My Stroke Story: Julia Rush

Hickory Artist Julia Rush Shares Her Stroke Story

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 “I thank my body every day for saving me,” said Rush.

“Ellen, do I sound like I’m slurring my words?” asked Julia Rush during a phone call with sister, Ellen Atkins of Colombia, MO. “Yes, Julia – you do,” said Atkins.

Having a stroke was not the way famed local artist Julia Rush, 73 expected to recover from a total left hip replacement December, 2014. It was just eight days following that surgery and her partner Arne Troelstra, also noticed a droop in the left side of Rush’s face. Immediately, they called an ambulance, which arrived within minutes. The emergency medical response team inquired about Rush’s hospital of choice.

“Even though Frye is just five blocks from my home, I insist they take me to Catawba Valley Medical Center,” said Rush. Julia’s late husband, Beemer Harrell, a well-known Hickory architect passed away at CVMC six years ago of a massive stroke. The care he and the family received that day left a positive and lasting impression on Rush.

At CVMC, Rush learned she had suffered a right hemisphere mini-stroke, or transient ischemic attack (TIA) caused by a blood clot that was stopping the blood flow to her brain. She was told that she could thank her body’s own clot busting mechanism for the fact that she doesn’t have permanent or debilitating damage.

“I don’t consider what I had a “mini stroke,” said Rush. “To me a TIA is a warning stroke – a warning I take very seriously”.

According to the American Stroke Association, about a third of patients who experience TIA, go on to have a stroke within the following year. Rush has several other medical conditions that add to that risk.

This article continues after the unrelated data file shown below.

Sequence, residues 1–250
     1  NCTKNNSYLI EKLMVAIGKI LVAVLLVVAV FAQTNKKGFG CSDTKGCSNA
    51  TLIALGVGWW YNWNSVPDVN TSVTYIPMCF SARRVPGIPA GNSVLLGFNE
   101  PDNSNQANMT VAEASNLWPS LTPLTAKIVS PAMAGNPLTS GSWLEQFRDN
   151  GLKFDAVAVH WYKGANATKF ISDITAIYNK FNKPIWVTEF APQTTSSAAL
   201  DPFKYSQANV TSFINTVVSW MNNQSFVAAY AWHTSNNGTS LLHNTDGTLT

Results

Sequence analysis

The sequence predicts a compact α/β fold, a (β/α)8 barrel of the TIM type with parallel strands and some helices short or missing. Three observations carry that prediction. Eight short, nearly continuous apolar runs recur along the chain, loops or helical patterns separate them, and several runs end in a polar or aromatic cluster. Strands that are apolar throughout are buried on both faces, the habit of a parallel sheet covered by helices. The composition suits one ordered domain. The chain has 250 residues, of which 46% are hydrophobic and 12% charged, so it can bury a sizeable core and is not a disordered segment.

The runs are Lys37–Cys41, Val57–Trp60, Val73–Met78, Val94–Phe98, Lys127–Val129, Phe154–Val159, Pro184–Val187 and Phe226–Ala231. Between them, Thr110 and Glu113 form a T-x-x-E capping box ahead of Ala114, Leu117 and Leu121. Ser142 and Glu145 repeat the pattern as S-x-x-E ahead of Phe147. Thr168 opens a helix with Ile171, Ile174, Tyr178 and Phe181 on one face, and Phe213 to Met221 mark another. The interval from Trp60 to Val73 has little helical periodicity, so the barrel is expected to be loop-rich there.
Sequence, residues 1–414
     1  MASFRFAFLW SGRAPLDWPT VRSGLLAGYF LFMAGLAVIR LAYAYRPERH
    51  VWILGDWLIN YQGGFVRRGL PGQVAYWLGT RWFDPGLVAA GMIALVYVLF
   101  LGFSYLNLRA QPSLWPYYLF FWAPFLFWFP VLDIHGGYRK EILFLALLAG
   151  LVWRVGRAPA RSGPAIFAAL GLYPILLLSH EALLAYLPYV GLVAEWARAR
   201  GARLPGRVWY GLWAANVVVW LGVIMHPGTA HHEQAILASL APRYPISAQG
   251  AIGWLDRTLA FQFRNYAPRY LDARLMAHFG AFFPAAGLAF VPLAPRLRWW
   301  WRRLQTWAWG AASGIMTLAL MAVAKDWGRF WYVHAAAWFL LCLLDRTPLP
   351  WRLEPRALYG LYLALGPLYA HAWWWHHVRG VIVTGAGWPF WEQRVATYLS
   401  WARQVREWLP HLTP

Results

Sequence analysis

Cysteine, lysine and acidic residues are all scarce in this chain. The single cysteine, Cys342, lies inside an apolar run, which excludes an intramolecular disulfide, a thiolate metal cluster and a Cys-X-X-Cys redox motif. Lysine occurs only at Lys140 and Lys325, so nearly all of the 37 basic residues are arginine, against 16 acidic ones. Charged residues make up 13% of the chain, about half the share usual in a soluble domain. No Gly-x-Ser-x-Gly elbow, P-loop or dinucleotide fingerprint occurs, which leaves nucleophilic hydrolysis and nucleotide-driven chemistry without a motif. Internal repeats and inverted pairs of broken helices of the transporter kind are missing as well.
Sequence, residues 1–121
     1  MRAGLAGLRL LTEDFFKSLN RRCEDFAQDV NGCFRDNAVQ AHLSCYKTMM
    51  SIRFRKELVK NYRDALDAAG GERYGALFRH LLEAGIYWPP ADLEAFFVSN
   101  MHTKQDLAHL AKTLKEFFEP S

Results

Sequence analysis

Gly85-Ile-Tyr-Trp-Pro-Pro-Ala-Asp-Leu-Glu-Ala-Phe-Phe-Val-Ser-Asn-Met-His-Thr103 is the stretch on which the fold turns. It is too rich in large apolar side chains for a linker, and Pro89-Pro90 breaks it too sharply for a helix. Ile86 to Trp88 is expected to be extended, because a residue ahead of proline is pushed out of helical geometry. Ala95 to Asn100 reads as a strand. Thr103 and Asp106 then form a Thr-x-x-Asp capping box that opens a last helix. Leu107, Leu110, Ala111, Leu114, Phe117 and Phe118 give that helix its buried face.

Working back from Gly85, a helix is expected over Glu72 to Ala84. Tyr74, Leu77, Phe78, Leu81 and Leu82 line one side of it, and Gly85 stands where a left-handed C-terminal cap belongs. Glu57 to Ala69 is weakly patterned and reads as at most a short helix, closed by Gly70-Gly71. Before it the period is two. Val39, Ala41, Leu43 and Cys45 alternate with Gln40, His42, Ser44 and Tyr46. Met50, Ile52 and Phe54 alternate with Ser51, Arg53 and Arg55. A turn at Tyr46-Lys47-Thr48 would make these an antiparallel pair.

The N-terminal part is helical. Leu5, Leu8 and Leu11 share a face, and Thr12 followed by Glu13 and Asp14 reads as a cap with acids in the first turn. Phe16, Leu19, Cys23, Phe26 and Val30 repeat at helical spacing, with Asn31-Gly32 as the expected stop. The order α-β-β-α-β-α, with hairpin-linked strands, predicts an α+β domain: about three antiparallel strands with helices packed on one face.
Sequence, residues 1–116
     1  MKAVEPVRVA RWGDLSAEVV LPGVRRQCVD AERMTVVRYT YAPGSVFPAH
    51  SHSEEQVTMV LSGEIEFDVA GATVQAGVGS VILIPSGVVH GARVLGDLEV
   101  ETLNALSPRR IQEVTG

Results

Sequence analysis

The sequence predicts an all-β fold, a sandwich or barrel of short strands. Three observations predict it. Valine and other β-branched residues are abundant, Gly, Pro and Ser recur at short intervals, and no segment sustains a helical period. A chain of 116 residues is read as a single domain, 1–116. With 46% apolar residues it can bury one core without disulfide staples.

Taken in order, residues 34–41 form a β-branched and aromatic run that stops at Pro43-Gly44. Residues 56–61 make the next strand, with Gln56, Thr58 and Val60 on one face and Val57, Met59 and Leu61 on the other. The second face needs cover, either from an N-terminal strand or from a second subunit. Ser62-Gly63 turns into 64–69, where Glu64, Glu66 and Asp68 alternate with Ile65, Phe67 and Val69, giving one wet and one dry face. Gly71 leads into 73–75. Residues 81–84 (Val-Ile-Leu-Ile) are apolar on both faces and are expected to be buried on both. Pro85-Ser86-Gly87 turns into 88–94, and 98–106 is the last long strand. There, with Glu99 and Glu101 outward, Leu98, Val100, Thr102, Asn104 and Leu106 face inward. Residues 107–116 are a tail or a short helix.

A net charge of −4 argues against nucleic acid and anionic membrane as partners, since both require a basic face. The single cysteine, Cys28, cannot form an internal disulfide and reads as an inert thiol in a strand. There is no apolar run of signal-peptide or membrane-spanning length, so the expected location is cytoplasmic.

“Julia is a golden example of how CVMC’s investment in advanced technology helps avoid delays in potentially life-saving situations,” said Robert Yapundich, MD, a Neurologist and CVMC Stroke Program Manager. “There is no way to predict when a clot will dissolve on its own, so time is critical.“

After just two days in CVMC In-Patient Rehabilitation Unit, Julia was discharged and allowed to go home to her second-floor loft in the brick building that bears her name in Hickory’s Union Square. A home evaluation was performed prior to her return by CVMC Occupational Therapy to review her daily living tasks and recommend modifications to optimize her home environment for safety. Although Rush currently walks with a cane, she has achieved numerous rehabilitation goals. She makes jewelry, maintains a very busy social life and traveling. Motivated by fear of having another stroke, Julia strictly adheres to her physical therapy plan, exercises frequently, follows her medication regimen and embraces healthy eating.

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